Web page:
Borders show up between places and people, but they also appear within organizations and companies. Financial Times Managing Editor Gillian Tett calls them siloes, and in her new book, “The Silo Effect,” explains why companies like GM, BP, Sony and almost all the big banks are cautionary tales about what goes wrong when expertise and isolation get in the way of common sense.
And I guarantee you will read this book and find a dozen examples of how it applies to your own office or life.
Click play above to hear Gillian Tett explain why silos exist and how to solve them
Excerpt from “The Silo Effect” by Gillian Tett.
Note from the Author
This book started during the great financial crisis of 2008. But it is not a book about finance. Far from it. Instead, it asks a basic question: Why do humans working in modern institutions collectively act in ways that sometimes seem stupid? Why do normally clever people fail to see risks and opportunities that are subsequently blindingly obvious? Why, as Daniel Kahneman, the psychologist, put it, are we sometimes so “blind to our own blindness”?
It was a question I often asked myself in 2007 and 2008. Back then, I was working as a journalist in London, running the markets team of the Financial Times. When the financial crisis erupted, we threw ourselves into trying to understand why the disaster had come about. There were lots of potential reasons.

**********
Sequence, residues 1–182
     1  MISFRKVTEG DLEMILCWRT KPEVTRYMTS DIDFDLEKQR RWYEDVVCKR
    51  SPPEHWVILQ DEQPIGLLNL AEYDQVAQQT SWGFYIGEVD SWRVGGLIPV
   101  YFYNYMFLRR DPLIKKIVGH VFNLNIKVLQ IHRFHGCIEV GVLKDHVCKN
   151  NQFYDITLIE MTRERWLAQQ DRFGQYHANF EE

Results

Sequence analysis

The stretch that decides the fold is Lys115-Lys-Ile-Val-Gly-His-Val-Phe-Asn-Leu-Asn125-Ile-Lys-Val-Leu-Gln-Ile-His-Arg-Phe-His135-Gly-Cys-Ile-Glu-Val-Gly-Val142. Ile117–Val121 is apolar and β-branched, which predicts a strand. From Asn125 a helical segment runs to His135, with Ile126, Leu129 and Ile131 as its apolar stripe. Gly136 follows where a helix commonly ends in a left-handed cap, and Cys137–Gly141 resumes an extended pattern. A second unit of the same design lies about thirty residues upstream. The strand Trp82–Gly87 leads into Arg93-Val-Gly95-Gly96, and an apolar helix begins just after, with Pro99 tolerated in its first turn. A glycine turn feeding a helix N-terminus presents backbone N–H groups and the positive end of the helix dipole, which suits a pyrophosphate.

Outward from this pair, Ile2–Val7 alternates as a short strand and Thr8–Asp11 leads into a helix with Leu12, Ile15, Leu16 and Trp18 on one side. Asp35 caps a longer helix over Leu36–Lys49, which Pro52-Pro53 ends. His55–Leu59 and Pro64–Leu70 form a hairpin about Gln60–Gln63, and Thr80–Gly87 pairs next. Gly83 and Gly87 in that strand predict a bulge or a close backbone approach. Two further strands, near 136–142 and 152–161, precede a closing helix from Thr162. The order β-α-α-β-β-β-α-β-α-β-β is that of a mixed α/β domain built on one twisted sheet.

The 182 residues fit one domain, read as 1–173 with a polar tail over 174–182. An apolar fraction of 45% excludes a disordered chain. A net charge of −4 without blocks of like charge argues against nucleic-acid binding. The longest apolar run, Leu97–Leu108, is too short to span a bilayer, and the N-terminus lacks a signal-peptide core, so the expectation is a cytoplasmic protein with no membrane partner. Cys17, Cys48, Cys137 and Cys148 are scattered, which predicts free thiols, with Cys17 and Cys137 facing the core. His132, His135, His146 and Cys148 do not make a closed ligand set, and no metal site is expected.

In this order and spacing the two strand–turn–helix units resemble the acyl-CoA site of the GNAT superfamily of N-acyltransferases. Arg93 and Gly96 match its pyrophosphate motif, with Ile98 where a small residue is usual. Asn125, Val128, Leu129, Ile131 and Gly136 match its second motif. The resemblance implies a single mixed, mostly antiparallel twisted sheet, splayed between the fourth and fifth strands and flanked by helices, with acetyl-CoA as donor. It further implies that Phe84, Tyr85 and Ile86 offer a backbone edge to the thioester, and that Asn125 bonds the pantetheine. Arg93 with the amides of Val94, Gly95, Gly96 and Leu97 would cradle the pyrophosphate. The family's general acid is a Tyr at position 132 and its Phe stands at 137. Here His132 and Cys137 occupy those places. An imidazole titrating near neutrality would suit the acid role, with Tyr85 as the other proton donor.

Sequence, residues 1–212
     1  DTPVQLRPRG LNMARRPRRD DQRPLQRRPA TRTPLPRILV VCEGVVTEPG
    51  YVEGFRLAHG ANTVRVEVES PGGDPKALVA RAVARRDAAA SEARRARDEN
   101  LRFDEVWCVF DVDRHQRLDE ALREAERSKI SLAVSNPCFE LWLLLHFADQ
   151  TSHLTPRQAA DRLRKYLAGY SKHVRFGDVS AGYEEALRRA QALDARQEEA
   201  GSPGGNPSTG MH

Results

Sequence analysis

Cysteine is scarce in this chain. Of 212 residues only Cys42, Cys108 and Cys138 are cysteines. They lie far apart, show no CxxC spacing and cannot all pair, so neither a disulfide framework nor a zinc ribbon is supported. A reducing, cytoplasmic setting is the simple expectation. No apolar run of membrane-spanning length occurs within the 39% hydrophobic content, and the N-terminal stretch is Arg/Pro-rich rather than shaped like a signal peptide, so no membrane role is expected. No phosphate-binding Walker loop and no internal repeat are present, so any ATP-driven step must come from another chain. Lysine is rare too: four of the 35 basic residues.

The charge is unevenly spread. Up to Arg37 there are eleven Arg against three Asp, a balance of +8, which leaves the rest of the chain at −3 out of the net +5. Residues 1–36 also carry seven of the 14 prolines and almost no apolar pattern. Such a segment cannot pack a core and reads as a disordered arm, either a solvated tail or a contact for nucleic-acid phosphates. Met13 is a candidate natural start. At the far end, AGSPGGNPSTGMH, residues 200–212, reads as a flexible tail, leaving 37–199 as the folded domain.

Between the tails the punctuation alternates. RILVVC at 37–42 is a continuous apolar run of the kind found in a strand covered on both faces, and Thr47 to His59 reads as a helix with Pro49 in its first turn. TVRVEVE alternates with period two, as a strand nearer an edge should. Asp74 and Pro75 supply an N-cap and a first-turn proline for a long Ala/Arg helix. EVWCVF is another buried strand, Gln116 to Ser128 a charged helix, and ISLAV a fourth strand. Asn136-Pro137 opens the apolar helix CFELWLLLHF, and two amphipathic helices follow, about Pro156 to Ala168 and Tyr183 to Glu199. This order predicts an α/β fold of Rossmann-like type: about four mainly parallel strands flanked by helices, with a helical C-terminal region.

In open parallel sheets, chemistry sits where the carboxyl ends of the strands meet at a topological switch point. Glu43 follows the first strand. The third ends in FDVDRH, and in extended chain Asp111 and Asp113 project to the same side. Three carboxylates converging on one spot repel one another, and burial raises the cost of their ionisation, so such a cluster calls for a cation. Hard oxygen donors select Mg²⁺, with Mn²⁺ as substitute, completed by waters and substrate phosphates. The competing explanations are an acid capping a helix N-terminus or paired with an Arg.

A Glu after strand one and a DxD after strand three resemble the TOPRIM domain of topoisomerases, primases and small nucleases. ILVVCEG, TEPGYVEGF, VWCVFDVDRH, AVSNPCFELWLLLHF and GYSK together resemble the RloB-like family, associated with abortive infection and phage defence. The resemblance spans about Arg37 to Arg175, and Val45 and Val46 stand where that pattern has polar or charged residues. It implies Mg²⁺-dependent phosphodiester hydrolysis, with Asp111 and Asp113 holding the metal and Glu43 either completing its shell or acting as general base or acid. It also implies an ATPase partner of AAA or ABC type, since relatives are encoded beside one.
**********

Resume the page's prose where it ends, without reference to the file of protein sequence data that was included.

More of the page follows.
Before 2008 bankers had taken some crazy risks with mortgages and other financial assets, creating a gigantic bubble. Regulators had failed to spot the dangers, because they misunderstood how the modern financial system worked. Central bankers and other policy makers had given the wrong economic incentives to financiers. Consumers had been dangerously complacent, running up huge credit card debts and mortgage loans without asking whether they could be repaid. Ratings agencies misread risks. And so on.
But as I dug into the story of the Great Financial Crisis as a journalist (and later wrote a book about it, Fool’s Gold) I became convinced that there was another reason for the disaster: the modern financial system was surprisingly fragmented, in terms of how people organized themselves, interacted with each other, and imagined the world. In theory, pundits often like to say that globalization and the Internet are creating a seamless, interlinked world, where markets, economies, and people are connected more closely than ever before. In some senses, integration is under way.
But as I dug into the 2008 crisis I also saw a world where different teams of financial traders at the big banks did not know what each other was doing, even inside the same (supposedly integrated) institution. I heard how government officials were hamstrung by the fact that the big regulatory agencies and central banks were crazily fragmented, not just in terms of their bureaucratic structures, but also their worldview. Politicians were no better. Nor were the credit rating agencies, or parts of the media. Indeed, almost everywhere I looked in the financial crisis it seemed that tunnel vision and tribalism had contributed to the disaster. People were trapped inside their little specialist departments, social groups, teams, or pockets of knowledge. Or, it might be said, inside their silos.
From THE SILO EFFECT: The Peril of Expertise and the Promise of Breaking Barriers, by Gillian Tett. Copyright © 2015 by Middlesex Sound and Vision. Excerpted with permission by Simon & Schuster, a Division of Simon & Schuster, Inc.